Circle hooks almost always connect with the hard tissue of the fish’s jaw, a very solid place to hold when compared to the surrounding areas. There is also little angler input required to ensure a proper set of the hook, which usually means that once hooked, the fish is highly unlikely to come unhooked, even if the angler is forced to or accidentally slacks up on the line or uses heavy drag as needed for most shark fishing applications.
On the negative side of things, circle hooks can be temperamental for anglers not used to their specific limitations. In most cases, circle hooks have to be able to rotate freely to find home in the fish, and this requires that the bait be hooked in a way that allows the hook to separate from the bait when bit. This usually means skin or lip hooking baits, and oftentimes a bridle is the best solution to the issue. When in doubt, leave as much hook gap exposed as possible.
Another negative of the circle hook isn’t the hook’s fault at all, but rather a myth spread by early adopters of the hook style. Oftentimes it is said that one does not need to “set” a circle hook, and this is true, but for whatever reason anglers interpret this as though a hook-set on the behalf of the angler is detrimental to the functioning of the hook, and this is simply not true. In fact, most circle hooks do benefit from a gentle “driving home” of the hook point with either the rod or the reel on the part of the fisherman. This ensures the barb of the hook penetrates and adds to the solidity of the connection.
In most applications that involve sharks, circle hooks are a fantastic choice. Wait and bait fishing benefits enormously from a self setting hook, and usually once the line peels off the reel the fish is already hooked solidly. Since most times the circle hook will be in the corner of the fishes mouth, release times can be shortened dramatically as the angler will always know here the hook is located. This also protects the leader material from the sharp teeth of the fish and to a degree allows for safer releases than if the hook was deep in the fish and the angler was forced to “reach in” for removal.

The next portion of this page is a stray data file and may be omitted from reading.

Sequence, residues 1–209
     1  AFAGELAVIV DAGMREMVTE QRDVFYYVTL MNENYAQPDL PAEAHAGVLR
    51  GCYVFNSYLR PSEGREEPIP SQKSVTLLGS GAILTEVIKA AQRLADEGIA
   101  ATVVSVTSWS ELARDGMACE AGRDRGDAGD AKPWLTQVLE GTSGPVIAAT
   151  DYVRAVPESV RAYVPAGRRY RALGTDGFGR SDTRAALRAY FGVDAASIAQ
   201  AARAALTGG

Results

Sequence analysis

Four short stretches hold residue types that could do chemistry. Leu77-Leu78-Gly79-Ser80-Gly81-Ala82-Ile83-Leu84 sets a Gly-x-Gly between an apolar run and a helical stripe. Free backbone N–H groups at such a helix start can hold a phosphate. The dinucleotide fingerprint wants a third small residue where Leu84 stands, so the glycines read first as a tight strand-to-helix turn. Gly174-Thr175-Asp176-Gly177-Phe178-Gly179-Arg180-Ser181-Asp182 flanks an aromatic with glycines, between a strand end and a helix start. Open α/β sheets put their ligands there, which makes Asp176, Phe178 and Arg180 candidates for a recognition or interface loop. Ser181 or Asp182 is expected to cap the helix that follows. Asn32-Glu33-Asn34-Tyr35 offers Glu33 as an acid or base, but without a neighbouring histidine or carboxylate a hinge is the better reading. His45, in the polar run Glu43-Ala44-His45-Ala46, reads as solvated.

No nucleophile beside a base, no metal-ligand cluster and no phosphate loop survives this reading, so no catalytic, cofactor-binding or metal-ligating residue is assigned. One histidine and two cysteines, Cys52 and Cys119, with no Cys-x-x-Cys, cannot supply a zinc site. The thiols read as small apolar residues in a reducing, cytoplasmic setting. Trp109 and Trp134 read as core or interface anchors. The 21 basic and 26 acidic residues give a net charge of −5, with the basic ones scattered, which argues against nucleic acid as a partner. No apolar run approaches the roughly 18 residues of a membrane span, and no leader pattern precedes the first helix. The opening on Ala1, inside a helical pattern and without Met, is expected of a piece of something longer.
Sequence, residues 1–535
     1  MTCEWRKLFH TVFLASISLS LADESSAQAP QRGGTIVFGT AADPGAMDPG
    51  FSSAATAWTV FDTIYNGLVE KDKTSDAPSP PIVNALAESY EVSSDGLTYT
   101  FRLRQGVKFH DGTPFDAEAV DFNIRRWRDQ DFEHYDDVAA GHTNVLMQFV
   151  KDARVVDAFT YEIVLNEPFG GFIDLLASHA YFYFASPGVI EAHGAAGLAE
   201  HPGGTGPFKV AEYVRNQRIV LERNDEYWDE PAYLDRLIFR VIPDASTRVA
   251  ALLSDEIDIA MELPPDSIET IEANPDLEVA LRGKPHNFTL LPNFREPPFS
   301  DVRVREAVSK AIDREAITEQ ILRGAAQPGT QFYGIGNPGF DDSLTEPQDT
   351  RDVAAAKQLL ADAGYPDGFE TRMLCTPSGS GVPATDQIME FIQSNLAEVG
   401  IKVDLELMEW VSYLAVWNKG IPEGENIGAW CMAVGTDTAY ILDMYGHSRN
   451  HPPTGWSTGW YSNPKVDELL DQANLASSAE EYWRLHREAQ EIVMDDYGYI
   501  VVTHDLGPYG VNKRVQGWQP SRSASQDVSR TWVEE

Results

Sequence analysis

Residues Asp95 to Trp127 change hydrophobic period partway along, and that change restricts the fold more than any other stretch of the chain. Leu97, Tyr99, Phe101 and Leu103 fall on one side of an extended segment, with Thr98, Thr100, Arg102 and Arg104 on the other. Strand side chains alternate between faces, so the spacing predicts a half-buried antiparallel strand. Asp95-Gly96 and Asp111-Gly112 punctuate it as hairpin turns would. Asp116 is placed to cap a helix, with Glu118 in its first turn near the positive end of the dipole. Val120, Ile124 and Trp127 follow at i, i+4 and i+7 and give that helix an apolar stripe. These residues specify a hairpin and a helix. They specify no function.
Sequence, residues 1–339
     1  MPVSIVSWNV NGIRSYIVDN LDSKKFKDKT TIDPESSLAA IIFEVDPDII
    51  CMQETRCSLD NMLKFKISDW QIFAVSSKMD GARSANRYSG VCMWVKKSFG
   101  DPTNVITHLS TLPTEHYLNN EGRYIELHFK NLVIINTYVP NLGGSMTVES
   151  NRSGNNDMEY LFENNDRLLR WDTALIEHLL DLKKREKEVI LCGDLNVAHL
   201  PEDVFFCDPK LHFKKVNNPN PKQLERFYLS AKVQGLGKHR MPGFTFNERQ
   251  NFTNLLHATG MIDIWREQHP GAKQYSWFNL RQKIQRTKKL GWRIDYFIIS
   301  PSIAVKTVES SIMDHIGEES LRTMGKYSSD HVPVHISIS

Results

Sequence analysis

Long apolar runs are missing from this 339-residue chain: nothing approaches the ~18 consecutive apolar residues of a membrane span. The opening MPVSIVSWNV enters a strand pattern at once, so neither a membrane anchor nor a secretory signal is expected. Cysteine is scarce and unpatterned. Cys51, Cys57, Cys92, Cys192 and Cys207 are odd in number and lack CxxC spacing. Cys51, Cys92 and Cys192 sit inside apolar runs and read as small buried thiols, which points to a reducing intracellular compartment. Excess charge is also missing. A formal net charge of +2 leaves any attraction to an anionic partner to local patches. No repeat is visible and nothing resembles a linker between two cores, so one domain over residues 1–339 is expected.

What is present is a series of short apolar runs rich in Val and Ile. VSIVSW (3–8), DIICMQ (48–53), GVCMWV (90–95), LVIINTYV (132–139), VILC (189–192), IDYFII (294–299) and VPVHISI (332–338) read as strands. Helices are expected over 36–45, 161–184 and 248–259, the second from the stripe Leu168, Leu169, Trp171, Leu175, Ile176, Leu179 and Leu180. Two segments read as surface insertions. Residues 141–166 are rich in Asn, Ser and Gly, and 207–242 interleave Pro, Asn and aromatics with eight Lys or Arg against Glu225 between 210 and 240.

Treble Hooks and Other Multi-Pointed Hooks:
Treble hooks are three-pointed hooks that are commonly found on lures and artificial baits. The reasoning behind this is that the three-pronged approach is more likely to result in hooked fish than a single point that may be turned away during the use of the lure or at the time of the fishes strike. There are also applications in bait fishing, such as trailer or stinger hooks where a treble hook is commonly used.
The main negative of the treble hook is the small gabs and minimal holding power allowed by its design. It seems counter-intuitive, but because there are three points on a single hook shank, each gap is smaller for the relative size of the hook as a whole. This leads to inherently weak holding power and low penetration. Careful consideration needs to be given when using these hooks as heavy drags and prolonged fight times are sure to result in un-hooked fish and heartbreak. Another downside is the enchant for treble hooks to hook fish on the outside of the mouth or in soft areas around the head. This usually results in a dead fish or worse, a lost fish.
On the positive side, most strikes when using treble hooks will result in connections. If one is willing to overlook the potential downsides and cares little for the health of the fish upon capture (ie. High value food fish) then these hooks do indeed have a place. As a trailer hook they perform well, often turning what would have been a short strike into a hook-up.
Most applications where a multi-pointed hook is applicable a single J hook can be substituted for a more solid connection, with an ever so slight reduction in hook-up rate. In fact, this is so much the case that we usually shy away from treble hook for bait fishing and instead rely on them solely on artificial baits and sparingly even in that arena.
In summary, there is no “perfect” hook for every situation, but instead there are applications where certain hooks can provide the angler with the best chance of landing the fish! At any rate, be sure to consider hook selection, and when in “trout”, remember this article! (Fish pun!)